What You Need to Understand About Construction and Demolition Disposal

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Human society has produced, manufactured, constructed, and demolished infrastructures for generations to pave the way for new buildings or renovation purposes. But, where do all these demolished materials go? Where does this construction waste end up? And is there a way to minimize its negative effect on our environment and conserve our natural resources?

Both the construction and demolition procedures waste tons of wastes every year. Initially, the materials produced by construction and demolitions are sold to small recycling stores, stowed in the basement for future use, burned, or thrown in a nearby pit.

Nevertheless, these methods are not applicable in rural societies due to the high population, limited space, and rampant construction of compact houses and buildings. This poses waste disposal problems, especially with the chemical manufactured materials used in construction.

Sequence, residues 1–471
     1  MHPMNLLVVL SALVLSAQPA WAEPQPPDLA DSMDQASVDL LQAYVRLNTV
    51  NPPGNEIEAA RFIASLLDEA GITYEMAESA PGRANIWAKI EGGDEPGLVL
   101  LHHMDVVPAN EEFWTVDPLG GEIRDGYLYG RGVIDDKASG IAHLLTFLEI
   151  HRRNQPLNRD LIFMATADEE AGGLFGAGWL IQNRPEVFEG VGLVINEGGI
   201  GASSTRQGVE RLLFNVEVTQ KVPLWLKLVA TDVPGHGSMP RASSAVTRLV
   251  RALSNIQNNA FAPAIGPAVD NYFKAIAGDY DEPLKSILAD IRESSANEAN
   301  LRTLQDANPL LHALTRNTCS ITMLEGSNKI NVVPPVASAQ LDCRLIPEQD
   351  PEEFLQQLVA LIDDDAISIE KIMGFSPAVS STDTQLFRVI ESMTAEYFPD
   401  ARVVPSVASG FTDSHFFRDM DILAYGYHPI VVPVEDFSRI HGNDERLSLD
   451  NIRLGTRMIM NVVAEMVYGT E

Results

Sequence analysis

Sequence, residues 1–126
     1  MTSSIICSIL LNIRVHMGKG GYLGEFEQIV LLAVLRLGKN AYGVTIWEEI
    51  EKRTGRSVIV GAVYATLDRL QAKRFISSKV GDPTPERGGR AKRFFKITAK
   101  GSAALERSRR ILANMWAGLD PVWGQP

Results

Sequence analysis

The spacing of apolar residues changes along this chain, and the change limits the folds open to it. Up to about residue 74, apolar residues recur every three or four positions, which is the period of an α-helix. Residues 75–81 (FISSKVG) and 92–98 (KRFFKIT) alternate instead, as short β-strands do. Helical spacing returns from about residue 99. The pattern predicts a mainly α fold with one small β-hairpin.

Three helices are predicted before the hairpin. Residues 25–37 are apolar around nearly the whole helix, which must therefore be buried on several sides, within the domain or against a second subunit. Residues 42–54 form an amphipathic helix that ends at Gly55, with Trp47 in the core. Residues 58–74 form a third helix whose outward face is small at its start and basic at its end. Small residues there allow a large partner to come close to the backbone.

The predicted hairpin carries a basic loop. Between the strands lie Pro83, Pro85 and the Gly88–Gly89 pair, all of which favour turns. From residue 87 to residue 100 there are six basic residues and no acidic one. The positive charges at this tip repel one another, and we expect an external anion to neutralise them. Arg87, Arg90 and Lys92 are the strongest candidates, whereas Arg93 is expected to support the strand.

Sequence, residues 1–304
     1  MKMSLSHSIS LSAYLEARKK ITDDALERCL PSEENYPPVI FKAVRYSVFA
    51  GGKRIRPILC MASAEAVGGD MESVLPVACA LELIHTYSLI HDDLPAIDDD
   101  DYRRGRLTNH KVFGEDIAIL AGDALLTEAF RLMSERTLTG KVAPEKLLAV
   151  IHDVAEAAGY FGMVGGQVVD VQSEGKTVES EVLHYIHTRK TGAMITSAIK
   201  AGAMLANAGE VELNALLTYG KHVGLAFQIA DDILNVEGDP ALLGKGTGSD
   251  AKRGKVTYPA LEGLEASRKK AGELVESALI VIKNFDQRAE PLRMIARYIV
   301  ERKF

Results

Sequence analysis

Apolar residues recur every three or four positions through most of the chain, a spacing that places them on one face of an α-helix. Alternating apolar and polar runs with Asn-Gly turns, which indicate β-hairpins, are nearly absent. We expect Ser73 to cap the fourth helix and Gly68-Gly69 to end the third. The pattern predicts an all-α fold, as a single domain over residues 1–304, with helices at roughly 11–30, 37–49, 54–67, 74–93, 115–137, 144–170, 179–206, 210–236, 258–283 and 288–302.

With the high demands of construction and demolitions, the materials are dumped together in a pit or landfill, causing massive pollution to the soil, air, and waterways, risking public health and safety.

Hence, the government came up with a formal way of disposing of these materials through supporting and opening up organizations offering construction and demolition disposal services. These companies are responsible for processing these commodities into new products necessary to build new projects.